Nonetheless, I don’t think either one of us were frightened—perhaps we hadn’t had time to be frightened, as it all happened so fast—until I heard and then saw one of the hooligans open his switchbladeswitchblade.  For a moment, I thought all was lost. It was not. Just as he was approaching me, pinned as I was against the side of a car, a large man came from nowhere. He seemed, at the time, of superhuman size. Indeed, I doubt I have in the flesh ever seen anyone so large unless seeing an (American) football player, a lineman, at a distance during a football game were to count. But even such girth I am not certain would surpass that man’s—if he was a man. I had a feeling at the time that both the size and the rapidity of his appearance and then sudden disappearance could qualify him for angelic status. Admittedly, he did not sing; nor did he have a harp or a halo or wings. Yet even if he was not a capital ‘A’ angel, he was at the very least a lowercase ‘a’ angel. He came to announce to that entire group of ruffians that it was over and they should go home. And that they did, immediately, without asking questions or even tagging Tim or me with one last upper cut or left hook. They scattered. We were safe, and we stumbled home. And maybe that night, just maybe, we encountered a real live angel.

Harry and Blanche Jakes
Harry and Blanche Jakes

But that apparition was vastly different from the angel that Ed and I encountered in the memorial store on Wyoming Avenue in Kingston, for there we came upon a small, elderly woman who asked about Elaine Jakes. Was this Harry and Blanche’s daughter, she asked? Blythe Evans’ cousin? “Yes,” we said. Oh, she said, I knew Elaine—a bit of a free spirit, that Lainey. What a wonderful lady and what a fine family she came from. Blythe—well, everyone was proud of him, the district attorney. And, her sister—“My wife, Lee Ann,” Ed piped in—well, she was a marvelous person, raised two fine boys, didn’t she? “Yes,” Ed, added, “my sons, Mark and Eric.” Fine lads, the woman said; one became a doctor, the other, was it a professor? “Yes,” Ed and I concurred, adding a few details to round out the family portrait.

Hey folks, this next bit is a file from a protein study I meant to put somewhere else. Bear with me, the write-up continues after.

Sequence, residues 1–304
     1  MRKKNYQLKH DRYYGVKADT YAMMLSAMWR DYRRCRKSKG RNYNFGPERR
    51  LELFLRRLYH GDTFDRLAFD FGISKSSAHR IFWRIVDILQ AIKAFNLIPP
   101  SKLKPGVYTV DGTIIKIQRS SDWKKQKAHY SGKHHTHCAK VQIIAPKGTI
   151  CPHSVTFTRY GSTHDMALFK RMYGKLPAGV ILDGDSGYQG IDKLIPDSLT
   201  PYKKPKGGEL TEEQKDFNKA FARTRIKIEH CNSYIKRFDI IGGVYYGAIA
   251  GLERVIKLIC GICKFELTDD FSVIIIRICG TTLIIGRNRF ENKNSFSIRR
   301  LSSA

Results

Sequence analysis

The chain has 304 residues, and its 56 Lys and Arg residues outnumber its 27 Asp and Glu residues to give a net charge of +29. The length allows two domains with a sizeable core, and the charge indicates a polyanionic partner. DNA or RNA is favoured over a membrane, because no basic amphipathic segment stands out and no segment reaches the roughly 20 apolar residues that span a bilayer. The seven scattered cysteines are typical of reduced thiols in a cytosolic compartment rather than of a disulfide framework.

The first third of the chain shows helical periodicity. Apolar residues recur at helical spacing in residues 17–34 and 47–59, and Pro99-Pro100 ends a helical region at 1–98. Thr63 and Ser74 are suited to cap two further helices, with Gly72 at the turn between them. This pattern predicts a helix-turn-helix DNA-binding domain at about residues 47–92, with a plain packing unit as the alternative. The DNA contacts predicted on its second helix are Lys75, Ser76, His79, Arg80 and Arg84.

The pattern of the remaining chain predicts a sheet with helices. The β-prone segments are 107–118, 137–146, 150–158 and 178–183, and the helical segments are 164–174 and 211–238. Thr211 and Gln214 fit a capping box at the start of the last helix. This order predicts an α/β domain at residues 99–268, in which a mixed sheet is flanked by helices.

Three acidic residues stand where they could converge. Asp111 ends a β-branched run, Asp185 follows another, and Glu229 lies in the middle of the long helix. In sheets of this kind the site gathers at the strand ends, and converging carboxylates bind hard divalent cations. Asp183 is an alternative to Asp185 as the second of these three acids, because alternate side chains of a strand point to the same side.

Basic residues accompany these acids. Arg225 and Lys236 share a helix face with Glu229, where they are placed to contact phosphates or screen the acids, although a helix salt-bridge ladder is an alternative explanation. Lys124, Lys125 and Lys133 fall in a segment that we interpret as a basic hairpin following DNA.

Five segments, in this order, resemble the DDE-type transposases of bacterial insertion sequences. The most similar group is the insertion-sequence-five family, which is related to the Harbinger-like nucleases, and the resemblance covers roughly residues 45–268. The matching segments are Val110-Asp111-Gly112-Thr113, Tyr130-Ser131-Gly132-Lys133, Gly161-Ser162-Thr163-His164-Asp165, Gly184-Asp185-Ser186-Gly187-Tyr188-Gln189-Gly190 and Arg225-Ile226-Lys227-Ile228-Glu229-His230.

But Harry was special, she said. He was a wonderful human being. He bought his mother and his father’s memorials here, you know, and Jemima Jones’ and Lizzie Ann Evans’. Then afterwards he used to come by from time to time just to say hello, just to be friendly and keep us here in the store up with what was going on at his church, with the family and in his neighborhood. A good man, that Harry Jakes, she said. In parting, she gave Ed and me each a small gift; a small metallic medallion of an angel.

Angel medallion
Angel Medallion

Take these, she said, and be blessed. It’s an angel, she said, a small gift to remind you that there are real angels. Ed smiled and took it, as did I, expressing our thanks.

To write this blog, I used Google Earth to try to find that memorial store. I thought it must still be there—after all, it was just three years ago that I was visiting and I bought the headstone. But though I thrice virtually traversed of Wyoming Avenue and looked up and down for it, I could not find it. I could not find even the place where I recall that it was located. It would seem to have come and gone nearly as quickly as that angel, if he was an angel, who delivered Tim and me from the valley of the shadow of death in Carlisle all those years ago. No, I’m sure that that store is there and that I just missed it. And perhaps that woman was not a real angel. But I don’t doubt that she gave us an angelic blessing, and that that blessing is one that points to the angels we encounter in this life, whether they be humans or something or someone, somewhat otherworldly, in human form.